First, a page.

is a great web of interaction between various biotic
organisms and nonliving, abiotic factors that make up their environment.
The study of this web, and of the interactions that shape both living
organisms and the environment in which they live, is called ecology.
Ecology is a critical component of biology; in some sense,
it is the place where everything we have learned up until now fits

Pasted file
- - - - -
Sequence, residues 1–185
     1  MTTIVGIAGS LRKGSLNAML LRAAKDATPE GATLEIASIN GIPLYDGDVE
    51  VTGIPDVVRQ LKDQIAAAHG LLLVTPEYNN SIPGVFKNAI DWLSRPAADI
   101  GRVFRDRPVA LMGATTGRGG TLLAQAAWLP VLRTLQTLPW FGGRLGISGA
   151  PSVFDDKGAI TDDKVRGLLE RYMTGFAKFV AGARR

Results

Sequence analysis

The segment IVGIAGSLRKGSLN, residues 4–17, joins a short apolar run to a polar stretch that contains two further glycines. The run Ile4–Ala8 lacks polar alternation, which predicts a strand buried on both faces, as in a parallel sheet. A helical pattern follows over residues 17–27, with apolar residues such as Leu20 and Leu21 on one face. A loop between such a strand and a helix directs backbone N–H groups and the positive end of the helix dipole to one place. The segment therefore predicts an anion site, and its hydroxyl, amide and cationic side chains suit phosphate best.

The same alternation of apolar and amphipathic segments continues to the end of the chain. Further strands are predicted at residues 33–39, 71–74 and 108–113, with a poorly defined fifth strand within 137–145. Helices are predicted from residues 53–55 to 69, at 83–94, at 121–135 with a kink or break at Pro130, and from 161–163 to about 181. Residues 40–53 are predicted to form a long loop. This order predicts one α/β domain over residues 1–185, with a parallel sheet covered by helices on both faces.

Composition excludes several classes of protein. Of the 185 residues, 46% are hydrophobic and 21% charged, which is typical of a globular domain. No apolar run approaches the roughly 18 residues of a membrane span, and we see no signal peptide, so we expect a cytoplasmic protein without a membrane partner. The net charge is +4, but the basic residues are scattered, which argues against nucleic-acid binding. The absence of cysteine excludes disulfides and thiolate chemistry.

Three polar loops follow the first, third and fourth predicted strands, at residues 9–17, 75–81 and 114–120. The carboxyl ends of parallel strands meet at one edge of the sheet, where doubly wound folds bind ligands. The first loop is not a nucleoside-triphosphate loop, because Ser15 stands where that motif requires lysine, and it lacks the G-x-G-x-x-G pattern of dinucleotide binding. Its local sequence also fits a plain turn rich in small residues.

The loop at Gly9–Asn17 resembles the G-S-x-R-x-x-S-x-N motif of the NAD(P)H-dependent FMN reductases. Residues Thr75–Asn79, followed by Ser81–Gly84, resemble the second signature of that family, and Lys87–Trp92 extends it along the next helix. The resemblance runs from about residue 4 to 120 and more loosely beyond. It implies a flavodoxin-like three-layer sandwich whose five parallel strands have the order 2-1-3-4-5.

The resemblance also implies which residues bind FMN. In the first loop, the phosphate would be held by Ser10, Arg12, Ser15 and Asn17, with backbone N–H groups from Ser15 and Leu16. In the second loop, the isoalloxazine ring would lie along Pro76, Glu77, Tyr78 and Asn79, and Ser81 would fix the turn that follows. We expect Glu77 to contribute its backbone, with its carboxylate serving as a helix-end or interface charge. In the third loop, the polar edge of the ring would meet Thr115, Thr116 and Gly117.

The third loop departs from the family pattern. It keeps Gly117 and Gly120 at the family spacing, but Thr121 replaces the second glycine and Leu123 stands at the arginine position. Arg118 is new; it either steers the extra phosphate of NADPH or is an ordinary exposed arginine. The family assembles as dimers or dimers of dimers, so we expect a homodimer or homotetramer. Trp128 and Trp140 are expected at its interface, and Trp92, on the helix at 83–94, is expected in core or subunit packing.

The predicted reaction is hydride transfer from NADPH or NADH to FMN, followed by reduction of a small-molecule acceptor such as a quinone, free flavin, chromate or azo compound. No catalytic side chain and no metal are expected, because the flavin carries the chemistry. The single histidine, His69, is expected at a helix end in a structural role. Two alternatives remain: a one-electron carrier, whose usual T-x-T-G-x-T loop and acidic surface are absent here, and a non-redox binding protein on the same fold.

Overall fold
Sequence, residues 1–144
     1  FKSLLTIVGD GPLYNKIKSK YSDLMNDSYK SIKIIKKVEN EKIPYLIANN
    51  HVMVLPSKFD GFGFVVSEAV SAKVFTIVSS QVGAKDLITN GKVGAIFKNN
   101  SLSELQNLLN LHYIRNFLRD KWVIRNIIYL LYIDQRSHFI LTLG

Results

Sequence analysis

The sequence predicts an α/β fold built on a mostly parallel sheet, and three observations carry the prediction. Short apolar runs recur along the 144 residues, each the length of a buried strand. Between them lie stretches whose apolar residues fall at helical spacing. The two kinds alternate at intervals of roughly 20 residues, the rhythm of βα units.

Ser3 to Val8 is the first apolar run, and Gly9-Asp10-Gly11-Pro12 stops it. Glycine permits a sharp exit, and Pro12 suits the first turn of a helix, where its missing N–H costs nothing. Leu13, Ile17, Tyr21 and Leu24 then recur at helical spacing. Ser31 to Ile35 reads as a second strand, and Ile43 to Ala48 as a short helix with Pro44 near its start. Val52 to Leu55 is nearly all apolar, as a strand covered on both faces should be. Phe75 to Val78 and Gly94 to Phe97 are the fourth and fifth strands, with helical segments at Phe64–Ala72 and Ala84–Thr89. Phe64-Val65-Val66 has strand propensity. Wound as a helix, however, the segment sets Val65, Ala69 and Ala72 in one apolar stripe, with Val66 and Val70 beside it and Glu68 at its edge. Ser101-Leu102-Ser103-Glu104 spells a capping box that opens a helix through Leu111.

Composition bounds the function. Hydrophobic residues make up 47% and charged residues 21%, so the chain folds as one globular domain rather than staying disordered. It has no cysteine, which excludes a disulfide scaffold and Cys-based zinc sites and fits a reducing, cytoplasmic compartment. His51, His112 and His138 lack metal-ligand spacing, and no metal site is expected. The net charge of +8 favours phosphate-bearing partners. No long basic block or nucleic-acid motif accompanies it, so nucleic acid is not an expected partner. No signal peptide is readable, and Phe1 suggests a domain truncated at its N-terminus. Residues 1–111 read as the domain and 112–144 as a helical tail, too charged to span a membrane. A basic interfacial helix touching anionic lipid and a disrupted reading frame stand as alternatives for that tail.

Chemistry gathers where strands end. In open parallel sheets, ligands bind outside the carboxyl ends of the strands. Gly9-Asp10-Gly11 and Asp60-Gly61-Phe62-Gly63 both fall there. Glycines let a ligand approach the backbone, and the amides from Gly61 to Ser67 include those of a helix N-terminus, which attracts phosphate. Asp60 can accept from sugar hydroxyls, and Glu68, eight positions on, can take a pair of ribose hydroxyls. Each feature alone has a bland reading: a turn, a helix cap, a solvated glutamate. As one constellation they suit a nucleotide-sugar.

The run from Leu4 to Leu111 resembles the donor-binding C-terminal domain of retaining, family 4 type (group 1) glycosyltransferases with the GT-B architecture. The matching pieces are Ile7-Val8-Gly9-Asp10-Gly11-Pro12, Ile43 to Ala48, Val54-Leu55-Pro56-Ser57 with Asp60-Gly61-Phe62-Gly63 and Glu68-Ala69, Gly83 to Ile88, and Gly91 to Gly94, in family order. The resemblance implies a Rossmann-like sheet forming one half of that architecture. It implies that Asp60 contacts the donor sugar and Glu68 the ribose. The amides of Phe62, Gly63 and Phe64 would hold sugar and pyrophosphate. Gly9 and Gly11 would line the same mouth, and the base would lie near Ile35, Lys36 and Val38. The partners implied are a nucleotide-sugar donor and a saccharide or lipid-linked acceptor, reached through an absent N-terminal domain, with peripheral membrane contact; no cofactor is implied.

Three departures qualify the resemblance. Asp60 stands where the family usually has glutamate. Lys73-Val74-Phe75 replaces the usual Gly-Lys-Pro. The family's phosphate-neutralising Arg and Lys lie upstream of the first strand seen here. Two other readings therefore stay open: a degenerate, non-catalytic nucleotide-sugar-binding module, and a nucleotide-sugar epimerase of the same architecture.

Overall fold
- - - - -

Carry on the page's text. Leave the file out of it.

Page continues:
together and functions in the real world. Up until this chapter
we have studied biology in an increasing hierarchy:
Ecology takes individuals and puts them into larger contexts:
Ecology is important on the SAT II Biology for another
reason: it makes up about 13 percent of the questions on the core
of the test. In addition, if you choose to take the Biology E version
of the test, then another 25 percent of the test will have some
relation to ecology. In other words, this chapter and the material
it covers are crucial.